Saturday, April 21, 2018


  • I was wary of XML when I first heard about it - mostly because I was still trying to wrap my head around other stuff that I was learning.  Therefore, I didnt learn much about it at first.  Then, I needed to pass multiple values to a stored procedure and looked into it.  I quickly fell in love!!  There are many posts about using XML within T-SQL.  I am posting one so that I can search on my own blog for this when I need it - I dont seem to keep it in my head long enough to use it the next time I need it. :)

    I am going to use examples from my alerter system, that is where I am using it as I am writing this article - so 2 birds with 1 stone - cant beat that!  By the way, I will format the SQL code better - it looks weird being all gray!

  • I recently needed to generate a random number.  I know using rand() was the way to go, but it wsnt giving me the formatting I needed.  I went online (lazy, cause I know I could format a stupid number) and found an amazing little script that I expanded upon.  It gives you a min and max range which was perfect!

    Here is the code and a link to the site I got it from (giving props to Michelle at for it!)

    Declare @maxRandomValue tinyint = 100
    	, @minRandomValue tinyint = 0;
    Select Cast(((@maxRandomValue + 1) - @minRandomValue) 
    	* Rand() + @minRandomValue As tinyint) As 'randomNumber';

  • I wanted to jot some notes down about using transactions and @@trancount - mostly, I personally like checking for if I should begin a transaction or not at the beginning of stored procedures.  I know this comes from me being a software developer and thinking the database guy/gal handles all that, and then learning more about the database side of things and realizing database coding isnt always reviewed that closely by a DBA.  So, it came time for me to learn.  Now that I switched jobs, I dont have all the code blocks to copy/paste - so this blog post will help with that! :)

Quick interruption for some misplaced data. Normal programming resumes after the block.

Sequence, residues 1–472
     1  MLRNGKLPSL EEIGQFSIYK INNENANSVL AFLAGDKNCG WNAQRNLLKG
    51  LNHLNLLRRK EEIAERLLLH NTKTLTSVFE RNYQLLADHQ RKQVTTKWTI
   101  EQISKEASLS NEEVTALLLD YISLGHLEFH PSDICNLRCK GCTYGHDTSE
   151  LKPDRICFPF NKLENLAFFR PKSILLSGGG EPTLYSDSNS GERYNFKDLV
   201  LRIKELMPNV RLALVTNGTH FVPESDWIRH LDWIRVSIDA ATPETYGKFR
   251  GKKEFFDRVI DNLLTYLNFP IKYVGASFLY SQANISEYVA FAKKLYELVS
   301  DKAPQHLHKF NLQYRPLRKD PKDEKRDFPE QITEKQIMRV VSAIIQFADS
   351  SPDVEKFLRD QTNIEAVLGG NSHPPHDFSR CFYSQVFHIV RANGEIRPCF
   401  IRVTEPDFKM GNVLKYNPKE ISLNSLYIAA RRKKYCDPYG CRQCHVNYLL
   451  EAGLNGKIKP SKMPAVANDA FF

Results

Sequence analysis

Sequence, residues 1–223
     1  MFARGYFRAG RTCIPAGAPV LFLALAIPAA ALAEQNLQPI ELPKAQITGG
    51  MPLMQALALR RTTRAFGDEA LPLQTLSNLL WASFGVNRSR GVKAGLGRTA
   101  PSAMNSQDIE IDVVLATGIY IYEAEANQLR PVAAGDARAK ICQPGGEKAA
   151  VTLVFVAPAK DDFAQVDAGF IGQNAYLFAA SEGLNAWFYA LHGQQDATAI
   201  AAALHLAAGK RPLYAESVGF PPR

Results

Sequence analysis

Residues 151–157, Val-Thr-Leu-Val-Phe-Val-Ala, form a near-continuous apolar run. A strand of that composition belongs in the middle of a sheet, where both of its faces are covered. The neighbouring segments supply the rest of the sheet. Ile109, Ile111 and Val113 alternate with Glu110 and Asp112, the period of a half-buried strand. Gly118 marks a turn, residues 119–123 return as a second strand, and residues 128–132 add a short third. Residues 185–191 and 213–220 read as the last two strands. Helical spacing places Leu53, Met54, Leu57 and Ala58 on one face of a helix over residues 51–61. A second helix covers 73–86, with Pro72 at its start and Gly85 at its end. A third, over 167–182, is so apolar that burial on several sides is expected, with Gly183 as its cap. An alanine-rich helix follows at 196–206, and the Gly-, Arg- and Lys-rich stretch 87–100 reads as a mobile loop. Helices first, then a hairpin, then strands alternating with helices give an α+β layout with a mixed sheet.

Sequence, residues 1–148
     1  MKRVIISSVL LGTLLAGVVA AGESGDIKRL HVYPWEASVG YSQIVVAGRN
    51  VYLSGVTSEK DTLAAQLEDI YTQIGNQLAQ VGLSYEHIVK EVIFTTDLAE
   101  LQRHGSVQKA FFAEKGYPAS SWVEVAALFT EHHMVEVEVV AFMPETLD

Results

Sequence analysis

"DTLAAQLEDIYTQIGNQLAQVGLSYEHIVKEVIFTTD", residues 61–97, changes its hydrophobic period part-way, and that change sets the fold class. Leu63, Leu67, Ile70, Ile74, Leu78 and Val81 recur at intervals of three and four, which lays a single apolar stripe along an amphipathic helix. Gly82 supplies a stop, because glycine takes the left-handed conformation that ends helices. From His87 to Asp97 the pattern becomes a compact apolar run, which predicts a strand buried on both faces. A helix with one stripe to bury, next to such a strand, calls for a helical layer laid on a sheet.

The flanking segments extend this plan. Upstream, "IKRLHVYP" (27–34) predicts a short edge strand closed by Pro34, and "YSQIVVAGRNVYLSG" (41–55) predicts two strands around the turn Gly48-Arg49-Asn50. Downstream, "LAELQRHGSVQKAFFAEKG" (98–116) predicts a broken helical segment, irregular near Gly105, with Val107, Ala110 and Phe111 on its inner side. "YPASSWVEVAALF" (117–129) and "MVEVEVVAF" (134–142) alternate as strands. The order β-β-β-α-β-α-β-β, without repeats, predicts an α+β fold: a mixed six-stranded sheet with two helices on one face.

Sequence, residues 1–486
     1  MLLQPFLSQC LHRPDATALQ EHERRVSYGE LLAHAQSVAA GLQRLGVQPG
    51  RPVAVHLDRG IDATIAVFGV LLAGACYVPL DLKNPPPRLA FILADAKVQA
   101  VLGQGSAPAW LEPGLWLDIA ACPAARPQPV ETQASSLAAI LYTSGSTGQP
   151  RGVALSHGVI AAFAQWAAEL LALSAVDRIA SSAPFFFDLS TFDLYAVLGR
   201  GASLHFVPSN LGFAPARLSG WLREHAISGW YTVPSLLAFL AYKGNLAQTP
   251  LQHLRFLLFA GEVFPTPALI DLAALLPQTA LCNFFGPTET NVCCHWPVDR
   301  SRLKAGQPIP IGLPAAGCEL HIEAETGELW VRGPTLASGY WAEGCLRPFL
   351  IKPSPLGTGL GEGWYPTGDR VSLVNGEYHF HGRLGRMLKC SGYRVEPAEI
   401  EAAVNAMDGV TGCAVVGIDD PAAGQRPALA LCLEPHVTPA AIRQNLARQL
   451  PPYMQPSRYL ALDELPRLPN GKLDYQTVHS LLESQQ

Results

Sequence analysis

Lets start with the basics:

    A transaction is a sequence of operations performed in it's own "bubble" from other processes and/or transactions occuring.  Once a transaction is completed, the effects are permanent in the database.

    Now, that is a simple explanation, as with everything, there are many things that go into it - such as how transactions affect each other because the data that is modified in 1 transaction is the same data needed for another transaction, so the "bubble" a transaction is in isnt completely isolated - or how if a transaction is rolled back, there is no permanent effect because nothing was done, etc.  I am going to talk about some of the ways of starting, monitoring, and ending a transaction, as well as nested transactions, and possibly uncommitable transactions.

    To start a transaction, the syntax is BEGIN TRANSACTION (or BEGIN TRAN).  No matter what, this is pretty much straight forward.  To end a transaction, you would either use COMMIT TRANSACTION, or ROLLBACK TRANSACTION, depending on if you want to make the changes you made, or not make the desired changes, respectively.  That, in and of itself, is all you need to start utilizing transactions now - but I will keep going with more juicy info. :)


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